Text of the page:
Circular 142Atomic absorption methods for analysis of some elements in ores and concentrates
By L. A. Brandvold, 1974, 22 pp., 1 table.
Laboratory manual of procedures for application of atomic absorption and dissolution methods of rocks and minerals. Published methods for rock and ore analysis by atomic absorption are fairly extensive, but scattered. This publication is a compilation of some general and specific procedures for application of atomic absorption analysis to rocks and minerals. In this application, the difficulties and problems lie primarily in the dissolution of the sample. Once dissolution has been effected, the actual atomic absorption analysis is usually relatively simple and straightforward.
This publication, while not a treatise of atomic absorption theory or technique, provides a collection of dissolution methods for analysis of rocks and minerals with major emphasis on ore and concentrate analysis. No attempt has been made to include all elements that can be analyzed by atomic absorption, but only those elements and/or situations for which atomic absorption is the method of choice in our laboratory.
The methods described have been tested and are used by the analytical laboratory at the New Mexico Bureau of Mines and Mineral Resources. The procedures were tested using a double beam atomic absorption unit, the Perkin-Elmer Model 303, equipped with a corrosion-resistant nebulizer. The ranges of liquid standards, detection limits, precision, and occasionally, interferences, depend to some extent on the instrument and the source lamp used in the determinations. Each user will have to test the procedures and determine these parameters for his equipment. Fuel conditions, ranges of liquid standards, detection limits, and precision data in this publication serve only as guidelines. The fuel conditions should be considered as those at ignition, and should be adjusted to optimum on the operator's instrument, using a standard solution. The fuel conditions may vary with the amount of fuel in the tank. Burner height should also be adjusted to optimum, unless otherwise stated.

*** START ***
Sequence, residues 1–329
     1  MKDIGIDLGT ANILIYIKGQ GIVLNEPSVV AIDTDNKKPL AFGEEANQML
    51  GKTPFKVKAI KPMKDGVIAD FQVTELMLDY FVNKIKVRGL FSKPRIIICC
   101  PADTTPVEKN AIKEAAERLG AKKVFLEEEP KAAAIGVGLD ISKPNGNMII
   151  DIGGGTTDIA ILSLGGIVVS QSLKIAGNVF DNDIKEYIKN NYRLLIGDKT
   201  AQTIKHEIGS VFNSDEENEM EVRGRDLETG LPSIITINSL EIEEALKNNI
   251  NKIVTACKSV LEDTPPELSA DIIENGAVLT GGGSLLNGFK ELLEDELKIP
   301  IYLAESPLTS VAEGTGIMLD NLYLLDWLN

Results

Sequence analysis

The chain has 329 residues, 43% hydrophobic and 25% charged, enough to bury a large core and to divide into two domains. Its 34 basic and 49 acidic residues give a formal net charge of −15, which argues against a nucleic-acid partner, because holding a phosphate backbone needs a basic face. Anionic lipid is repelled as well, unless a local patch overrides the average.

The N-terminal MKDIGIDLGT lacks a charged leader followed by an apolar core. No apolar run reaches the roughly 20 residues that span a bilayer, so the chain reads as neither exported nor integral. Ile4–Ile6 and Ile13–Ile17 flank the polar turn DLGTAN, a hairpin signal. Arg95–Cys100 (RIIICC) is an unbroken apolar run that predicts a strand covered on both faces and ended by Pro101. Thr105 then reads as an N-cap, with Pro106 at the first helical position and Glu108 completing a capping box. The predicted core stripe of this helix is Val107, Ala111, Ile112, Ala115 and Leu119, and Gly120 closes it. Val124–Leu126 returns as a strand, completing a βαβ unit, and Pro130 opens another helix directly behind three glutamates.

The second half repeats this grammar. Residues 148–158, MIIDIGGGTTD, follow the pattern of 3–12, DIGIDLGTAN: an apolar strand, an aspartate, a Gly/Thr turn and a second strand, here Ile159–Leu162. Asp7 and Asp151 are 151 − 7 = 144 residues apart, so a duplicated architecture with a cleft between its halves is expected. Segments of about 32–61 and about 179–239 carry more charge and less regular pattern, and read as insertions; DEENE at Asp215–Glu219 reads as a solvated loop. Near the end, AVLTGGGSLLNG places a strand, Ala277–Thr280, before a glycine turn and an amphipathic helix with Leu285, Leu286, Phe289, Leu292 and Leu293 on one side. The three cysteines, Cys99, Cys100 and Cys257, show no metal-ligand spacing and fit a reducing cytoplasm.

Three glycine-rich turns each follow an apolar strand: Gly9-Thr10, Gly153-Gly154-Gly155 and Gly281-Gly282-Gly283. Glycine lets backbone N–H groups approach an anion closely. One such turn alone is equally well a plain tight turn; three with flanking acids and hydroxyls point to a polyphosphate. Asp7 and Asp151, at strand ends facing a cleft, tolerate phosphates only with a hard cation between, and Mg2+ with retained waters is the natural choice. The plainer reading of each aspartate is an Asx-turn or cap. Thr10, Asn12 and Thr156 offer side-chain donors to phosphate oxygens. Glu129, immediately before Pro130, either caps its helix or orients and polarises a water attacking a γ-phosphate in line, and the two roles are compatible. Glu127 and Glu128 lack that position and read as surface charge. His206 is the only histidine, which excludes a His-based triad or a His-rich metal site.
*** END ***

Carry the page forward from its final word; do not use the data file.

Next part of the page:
Many of these methods have been adapted from referenced papers. Some changes
have been made in the methods and the referenced authors should not be held
responsible for any inaccuracies which may have been introduced. References
are listed twice: at the end of each section, as well as in the general
list at the rear of book. Unnumbered references listed at the end of a method
pertain to the general method.
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